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In response to Dr Welton's provocative column, I would like to suggest that a different issue be the focus of our national dialogue. "What is the appropriate scope of practice for the licensed practical nurse (LPN) and which practice settings, if any, are safe for this level of practitioner?" Based on the results of these spirited conversations, changes in educational curricula, including clinical training, should follow.


Hospital environments are dynamic. Patients are more acutely ill, nurses are being asked to assume greater spans of control with increasing responsibility, and workforce demographics are shifting. Dr Welton is correct that the impending exodus of our aging nursing workforce into phases of retirement will have a negative impact on the health of our citizens if an adequate supply of nurses is not replenished. It is time to address the appropriate competencies and education for each level of nursing provider based on a new national model of nursing care encompassing education and skills, roles, and outcomes across the continuum. As nursing leads the way in interdisciplinary models of care teams to improve our nation's health, will we ignore other providers in our profession who can contribute to the team in some aspect including not advocating for a role for the LPN?


The success of a new model of healthcare delivery will necessitate changes to educational requirements, scope of practice, and competencies for all levels of providers. "What level of nursing professionals is best suited to practice in which care setting to meet the economic and physical needs of our populations?" The decision to eliminate LPNs from all areas of hospital practice has not reached concurrence at a national level. The Institute of Medicine report supports allowing practitioners to practice to the extent of their licensure.1 Is this widely supported recommendation applicable only to nurses with APRN and BSN degrees? Currently, 252,130 LPNs work in either long-term care (LTC) or adult elder care.2 If a family member or friend was in an LTC setting, wouldn't we want his/her LPN care provider to be able to recognize changes in condition, understand the medications including actions and adverse effects, and act and communicate appropriate levels of information to the RN and MD team members? Will valuable RN resources be further stretched to replace LPNs in practice settings where they have been integrated into care teams? If LPNs are not exposed to the dynamic and complex environment of an acute care hospital as part of their training, will they possess critical thinking skills, at an appropriate level for their scope, when needed?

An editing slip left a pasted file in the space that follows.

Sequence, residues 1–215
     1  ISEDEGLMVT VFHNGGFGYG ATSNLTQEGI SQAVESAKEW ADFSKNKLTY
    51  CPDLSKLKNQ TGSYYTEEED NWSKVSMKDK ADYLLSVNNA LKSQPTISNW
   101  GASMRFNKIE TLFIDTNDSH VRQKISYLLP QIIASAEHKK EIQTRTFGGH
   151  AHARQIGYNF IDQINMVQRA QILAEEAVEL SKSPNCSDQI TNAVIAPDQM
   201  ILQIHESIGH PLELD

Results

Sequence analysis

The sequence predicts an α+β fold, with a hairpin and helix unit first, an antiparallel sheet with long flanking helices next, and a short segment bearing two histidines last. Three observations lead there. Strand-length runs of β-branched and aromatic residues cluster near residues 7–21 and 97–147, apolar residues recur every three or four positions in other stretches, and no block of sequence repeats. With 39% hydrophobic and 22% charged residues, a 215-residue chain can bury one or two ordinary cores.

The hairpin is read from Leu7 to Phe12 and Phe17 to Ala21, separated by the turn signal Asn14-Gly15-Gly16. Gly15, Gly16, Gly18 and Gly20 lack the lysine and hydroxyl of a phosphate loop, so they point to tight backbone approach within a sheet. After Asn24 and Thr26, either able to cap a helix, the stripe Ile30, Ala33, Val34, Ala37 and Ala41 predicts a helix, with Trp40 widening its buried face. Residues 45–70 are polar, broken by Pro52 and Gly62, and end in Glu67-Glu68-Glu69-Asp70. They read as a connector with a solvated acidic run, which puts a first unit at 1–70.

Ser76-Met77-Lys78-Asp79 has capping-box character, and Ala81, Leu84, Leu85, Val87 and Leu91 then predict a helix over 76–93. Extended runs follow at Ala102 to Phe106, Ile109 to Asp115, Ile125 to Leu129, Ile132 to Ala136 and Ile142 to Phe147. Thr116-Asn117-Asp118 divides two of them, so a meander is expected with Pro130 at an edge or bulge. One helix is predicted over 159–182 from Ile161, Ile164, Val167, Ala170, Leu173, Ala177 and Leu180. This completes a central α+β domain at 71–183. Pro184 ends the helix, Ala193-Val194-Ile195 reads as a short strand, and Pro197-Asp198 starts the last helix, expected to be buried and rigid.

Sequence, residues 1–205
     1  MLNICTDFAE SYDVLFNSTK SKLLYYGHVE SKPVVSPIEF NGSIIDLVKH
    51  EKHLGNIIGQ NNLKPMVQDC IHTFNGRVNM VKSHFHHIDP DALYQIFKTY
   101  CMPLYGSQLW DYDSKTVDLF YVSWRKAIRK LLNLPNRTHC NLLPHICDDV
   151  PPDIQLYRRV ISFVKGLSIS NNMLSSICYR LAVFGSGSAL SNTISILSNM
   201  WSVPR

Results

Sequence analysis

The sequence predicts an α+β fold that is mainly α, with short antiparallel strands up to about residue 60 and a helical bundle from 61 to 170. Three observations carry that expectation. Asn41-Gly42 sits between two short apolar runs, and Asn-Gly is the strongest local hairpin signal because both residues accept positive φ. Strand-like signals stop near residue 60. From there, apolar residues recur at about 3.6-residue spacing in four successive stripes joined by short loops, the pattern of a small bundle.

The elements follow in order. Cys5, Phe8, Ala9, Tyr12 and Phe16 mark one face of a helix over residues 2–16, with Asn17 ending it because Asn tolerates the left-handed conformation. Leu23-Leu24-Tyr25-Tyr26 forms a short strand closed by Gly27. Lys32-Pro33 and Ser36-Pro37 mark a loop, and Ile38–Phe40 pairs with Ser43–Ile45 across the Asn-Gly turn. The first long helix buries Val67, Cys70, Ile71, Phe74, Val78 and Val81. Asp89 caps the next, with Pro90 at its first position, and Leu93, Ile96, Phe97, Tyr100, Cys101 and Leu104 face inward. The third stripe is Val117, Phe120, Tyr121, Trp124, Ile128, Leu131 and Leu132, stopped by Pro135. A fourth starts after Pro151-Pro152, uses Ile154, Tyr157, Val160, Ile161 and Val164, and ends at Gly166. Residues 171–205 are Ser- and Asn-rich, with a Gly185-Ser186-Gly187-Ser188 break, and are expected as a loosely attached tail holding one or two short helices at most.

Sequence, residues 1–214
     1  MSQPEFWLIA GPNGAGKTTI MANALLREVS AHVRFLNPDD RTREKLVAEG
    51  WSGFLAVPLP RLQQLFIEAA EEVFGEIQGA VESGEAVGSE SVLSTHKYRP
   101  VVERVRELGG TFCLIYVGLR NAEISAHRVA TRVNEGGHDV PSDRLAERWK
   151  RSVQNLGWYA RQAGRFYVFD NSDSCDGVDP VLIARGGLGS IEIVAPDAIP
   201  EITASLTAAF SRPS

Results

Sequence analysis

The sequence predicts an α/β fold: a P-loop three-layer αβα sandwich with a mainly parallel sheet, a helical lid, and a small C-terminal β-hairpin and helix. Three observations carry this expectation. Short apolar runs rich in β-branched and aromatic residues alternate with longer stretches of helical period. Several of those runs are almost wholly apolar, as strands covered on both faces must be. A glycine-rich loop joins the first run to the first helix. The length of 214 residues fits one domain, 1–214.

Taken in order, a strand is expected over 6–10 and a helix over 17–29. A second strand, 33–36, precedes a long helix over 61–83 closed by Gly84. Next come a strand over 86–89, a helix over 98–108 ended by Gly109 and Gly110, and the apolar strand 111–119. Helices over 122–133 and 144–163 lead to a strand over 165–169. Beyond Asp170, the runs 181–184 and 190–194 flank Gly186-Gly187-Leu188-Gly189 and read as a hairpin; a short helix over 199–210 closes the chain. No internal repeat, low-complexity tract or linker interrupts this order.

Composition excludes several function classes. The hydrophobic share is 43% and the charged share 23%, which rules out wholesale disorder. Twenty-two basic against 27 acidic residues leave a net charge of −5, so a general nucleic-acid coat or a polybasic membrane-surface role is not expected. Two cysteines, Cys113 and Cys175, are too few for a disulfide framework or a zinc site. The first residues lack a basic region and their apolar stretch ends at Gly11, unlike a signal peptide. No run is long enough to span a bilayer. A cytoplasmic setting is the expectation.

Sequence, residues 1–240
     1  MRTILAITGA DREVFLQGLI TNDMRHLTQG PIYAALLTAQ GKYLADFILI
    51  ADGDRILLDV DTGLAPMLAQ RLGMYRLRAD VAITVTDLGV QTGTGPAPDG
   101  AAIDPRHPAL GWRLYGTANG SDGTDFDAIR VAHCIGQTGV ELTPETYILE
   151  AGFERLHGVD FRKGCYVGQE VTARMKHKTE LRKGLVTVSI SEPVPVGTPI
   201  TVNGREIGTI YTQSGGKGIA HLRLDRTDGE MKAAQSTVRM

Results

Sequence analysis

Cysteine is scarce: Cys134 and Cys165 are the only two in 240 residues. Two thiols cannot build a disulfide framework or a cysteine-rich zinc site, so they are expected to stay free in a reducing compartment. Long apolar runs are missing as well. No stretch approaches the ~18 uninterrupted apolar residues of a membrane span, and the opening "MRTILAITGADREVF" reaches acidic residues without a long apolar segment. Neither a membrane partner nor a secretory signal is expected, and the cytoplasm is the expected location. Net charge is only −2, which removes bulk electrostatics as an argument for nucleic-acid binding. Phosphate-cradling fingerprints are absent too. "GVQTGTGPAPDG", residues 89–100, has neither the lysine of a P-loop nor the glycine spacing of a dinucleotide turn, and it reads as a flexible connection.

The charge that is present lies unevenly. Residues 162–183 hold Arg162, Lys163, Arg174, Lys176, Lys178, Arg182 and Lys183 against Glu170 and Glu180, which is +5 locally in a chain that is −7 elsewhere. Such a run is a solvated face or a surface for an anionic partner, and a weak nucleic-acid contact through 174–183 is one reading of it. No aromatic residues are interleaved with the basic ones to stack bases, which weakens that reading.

I advocate that nursing, as a profession, use the momentum of the Regional Action Coalition meetings (an initiative of the Robert Wood Johnson Foundation/American Association of Retired Persons Future of Nursing: Campaign for Action) to address scope of practice and appropriate roles for all nurses in addition to discussions about transition to higher levels of education. Implementation and transition plans for education, training, and competency should then follow. I am convinced that the number of training opportunities for LPNs in acute care hospitals will decrease but suggest that nursing lead this transition as a united profession in a thoughtful, deliberate manner to ensure continuity of care and workforce supply in the transition. Some LTC settings would function with fewer providers if forced to replace LPNs with RNs. Thus far, only selected hospitals have been able to transition solely to an all RN staffing model, often because of workforce supply or economic constraints. Strained national resources are presenting an opportunity for the profession of nursing to use our talents and skills to meet the nation's vast and underestimated need for healthcare. I predict that, for the next decade, the new model of care in some practice settings will incorporate educated and skilled LPNs and that high-quality clinical education will be essential.




1. Institute of Medicine. The Future of Nursing: Leading Change, Advancing Health. Washington, DC: The National Academies Press; 2011. [Context Link]


2. Occupational Employment and Wages 2009, 29-2061 Licensed practical and licensed vocational nurses. Bureau of Labor, U.S. Department of Labor Web site. Available at Accessed March 7, 2011. [Context Link]